17 June 2009

Hibernia Southern Extension MOU Assessment, Part II: Equity and industrial benefits

[Part I  Royalty]


According to the backgrounder released on Tuesday, the provincial government’s oil company will acquire a 10% interest in only that portion of the extension to be developed through tie-backs. 

That has been described as covering 170 million barrels, however, as with Hebron that figure may become smaller in the final agreement.

The acquisition price is $30 million however the backgrounder provided no estimates the development costs, operating costs or other costs associated with the project.

According to some sources, part of the delay in reaching the memorandum of understanding came from re-unitizing the existing licenses, especially EL 1093.  There are seven interest-holders in that license with four of them having less than 10%.

As with Hebron, details of the acquisition agreement will not be made public.  As with Hebron, information crucial to a thorough assessment of the acquisition and the provincial government’s share will remain hidden from public scrutiny.

Industrial and local benefits

Aside from existing benefits arrangements under the Hibernia development plan and offshore regulatory board regulations, no new or enhanced local benefits are contained in the backgrounder.

The project will be developed using a combination of slant drilling from the existing Hibernia platform (50 million barrels) and sub-sea tie-backs to the platform.  This was not a part of the 2006 application.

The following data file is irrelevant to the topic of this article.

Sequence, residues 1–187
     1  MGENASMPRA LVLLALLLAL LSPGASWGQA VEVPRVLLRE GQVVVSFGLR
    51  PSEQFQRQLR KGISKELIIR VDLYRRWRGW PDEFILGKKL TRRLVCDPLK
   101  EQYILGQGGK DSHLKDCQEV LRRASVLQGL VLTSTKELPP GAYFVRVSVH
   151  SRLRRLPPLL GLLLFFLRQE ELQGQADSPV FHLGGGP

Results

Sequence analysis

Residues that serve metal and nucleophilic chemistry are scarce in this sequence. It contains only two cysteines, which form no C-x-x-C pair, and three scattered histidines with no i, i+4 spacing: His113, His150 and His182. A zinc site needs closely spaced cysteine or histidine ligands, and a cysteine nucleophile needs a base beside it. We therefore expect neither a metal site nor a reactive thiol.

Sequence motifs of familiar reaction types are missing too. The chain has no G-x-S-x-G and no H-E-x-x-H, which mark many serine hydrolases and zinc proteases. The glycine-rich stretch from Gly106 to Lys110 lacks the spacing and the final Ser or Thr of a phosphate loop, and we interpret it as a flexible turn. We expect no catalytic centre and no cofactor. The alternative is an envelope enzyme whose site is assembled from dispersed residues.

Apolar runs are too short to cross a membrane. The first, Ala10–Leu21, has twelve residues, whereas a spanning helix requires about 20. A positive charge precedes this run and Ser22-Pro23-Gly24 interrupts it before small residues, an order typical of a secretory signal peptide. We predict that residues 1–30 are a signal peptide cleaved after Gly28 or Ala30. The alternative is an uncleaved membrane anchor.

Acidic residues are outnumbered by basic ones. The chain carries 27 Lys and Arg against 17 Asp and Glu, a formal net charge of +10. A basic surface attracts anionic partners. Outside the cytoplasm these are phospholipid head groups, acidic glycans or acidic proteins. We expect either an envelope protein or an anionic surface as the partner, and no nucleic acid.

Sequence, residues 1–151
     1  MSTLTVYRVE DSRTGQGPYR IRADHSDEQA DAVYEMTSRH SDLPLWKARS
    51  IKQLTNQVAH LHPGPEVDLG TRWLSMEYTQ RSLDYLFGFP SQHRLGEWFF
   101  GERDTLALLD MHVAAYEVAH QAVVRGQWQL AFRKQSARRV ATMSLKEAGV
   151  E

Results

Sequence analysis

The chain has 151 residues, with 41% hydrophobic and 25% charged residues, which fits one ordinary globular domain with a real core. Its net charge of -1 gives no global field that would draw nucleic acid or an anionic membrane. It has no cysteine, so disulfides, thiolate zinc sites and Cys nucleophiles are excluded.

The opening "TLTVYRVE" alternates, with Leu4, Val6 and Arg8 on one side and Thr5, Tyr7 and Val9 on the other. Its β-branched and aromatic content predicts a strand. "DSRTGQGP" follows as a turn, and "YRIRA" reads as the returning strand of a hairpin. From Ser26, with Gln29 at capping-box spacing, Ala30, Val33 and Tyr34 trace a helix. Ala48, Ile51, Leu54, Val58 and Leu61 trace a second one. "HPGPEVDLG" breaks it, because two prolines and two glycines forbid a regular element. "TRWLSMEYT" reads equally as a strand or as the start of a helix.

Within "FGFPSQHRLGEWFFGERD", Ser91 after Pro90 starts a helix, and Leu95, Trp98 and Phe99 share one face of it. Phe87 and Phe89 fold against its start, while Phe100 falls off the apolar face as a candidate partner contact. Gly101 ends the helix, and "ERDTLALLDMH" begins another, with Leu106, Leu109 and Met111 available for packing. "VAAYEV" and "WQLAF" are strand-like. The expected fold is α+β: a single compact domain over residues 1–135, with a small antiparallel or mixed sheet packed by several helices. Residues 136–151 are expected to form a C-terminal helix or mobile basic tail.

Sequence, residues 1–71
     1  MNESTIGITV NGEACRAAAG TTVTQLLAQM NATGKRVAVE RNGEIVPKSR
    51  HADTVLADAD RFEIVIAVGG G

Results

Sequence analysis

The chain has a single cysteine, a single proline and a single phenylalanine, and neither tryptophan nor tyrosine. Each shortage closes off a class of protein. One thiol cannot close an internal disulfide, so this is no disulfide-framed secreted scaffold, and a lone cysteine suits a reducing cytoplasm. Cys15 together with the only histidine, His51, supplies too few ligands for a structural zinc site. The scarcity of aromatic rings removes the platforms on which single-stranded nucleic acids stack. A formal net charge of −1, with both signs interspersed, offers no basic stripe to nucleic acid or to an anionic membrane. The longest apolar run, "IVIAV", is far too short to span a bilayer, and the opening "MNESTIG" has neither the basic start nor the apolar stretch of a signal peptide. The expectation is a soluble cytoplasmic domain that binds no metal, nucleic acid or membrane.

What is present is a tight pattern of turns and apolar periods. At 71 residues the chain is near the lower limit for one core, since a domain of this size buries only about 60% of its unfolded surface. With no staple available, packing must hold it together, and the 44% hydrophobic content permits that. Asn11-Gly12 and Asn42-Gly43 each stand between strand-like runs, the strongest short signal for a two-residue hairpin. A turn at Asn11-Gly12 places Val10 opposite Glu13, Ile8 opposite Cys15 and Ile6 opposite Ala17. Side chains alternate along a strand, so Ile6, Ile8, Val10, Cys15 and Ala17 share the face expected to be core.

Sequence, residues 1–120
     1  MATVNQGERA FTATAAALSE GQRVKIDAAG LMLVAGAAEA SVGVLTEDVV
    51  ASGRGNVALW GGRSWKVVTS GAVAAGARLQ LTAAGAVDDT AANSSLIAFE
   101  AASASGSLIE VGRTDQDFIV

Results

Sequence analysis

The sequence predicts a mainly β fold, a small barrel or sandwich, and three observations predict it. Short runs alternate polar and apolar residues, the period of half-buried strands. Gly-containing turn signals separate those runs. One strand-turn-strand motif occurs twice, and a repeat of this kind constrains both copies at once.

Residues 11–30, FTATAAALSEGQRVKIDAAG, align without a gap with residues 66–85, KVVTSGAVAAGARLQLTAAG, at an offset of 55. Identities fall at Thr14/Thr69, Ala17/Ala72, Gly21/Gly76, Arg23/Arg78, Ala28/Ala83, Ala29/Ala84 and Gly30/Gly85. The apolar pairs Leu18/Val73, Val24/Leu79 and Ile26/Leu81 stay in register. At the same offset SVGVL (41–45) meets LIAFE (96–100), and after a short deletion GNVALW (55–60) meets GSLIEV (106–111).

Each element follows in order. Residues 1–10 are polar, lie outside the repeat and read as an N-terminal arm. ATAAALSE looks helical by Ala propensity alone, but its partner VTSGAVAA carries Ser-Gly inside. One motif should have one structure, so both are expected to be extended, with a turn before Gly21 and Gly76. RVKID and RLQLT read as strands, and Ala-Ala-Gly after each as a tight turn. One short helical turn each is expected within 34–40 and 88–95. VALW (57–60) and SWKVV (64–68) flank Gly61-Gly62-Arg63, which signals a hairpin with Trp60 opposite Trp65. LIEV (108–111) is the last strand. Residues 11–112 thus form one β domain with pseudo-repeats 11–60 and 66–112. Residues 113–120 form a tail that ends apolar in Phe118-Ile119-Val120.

However, planned expansion of the Hibernia GBS appears to have been shelved. This significantly reduces the potential amount of local work available.  The project is smaller than what was suggested last June when the Premier indicated a Hibernia South deal would be in place by the end of 2008. 

"We fully expect Hibernia South to be concluded by the end of this calendar year," Williams told more than 700 people attending the annual offshore conference hosted by the Newfoundland and Labrador Oil and Gas Industries Association (NOIA).

As it turned out, the MOU was signed in mid 2009 and final agreements are not expected until early 2010. That would be three years after the provincial government vetoed the development and two years after the oil companies originally planned to start production.

Local companies already have demonstrated expertise in supply and in fabrication of sub-sea components.  Thus, local companies should be able to secure fabrication and related work on the project.

This is particular interesting since two of the four reasons given for vetoing the development plan in 2007 related to local benefits:

  • The province needs more information on what options exist for other modes of development to extract the oil from Hibernia South. This may have implications for overall benefits.
  • The lack of a Benefits Plan Amendment. This is a departure from the normal process and the CNLOPB did not require it in the "interest of expediency."

Through the MOU, the provincial government also accepts the offshore board’s position in the voted application with respect to local benefits (affirmative action, research and development and education and training). 

This is significant since these aspects of local benefits were cited as an area of concern for the provincial government  with the board’s approval of the plan.  In a subsequent exchange of correspondence energy minister Kathy Dunderdale accused the offshore board of failing in its responsibilities for local benefits yet it appears the government has ultimately accepted what the companies initially proposed and board approved.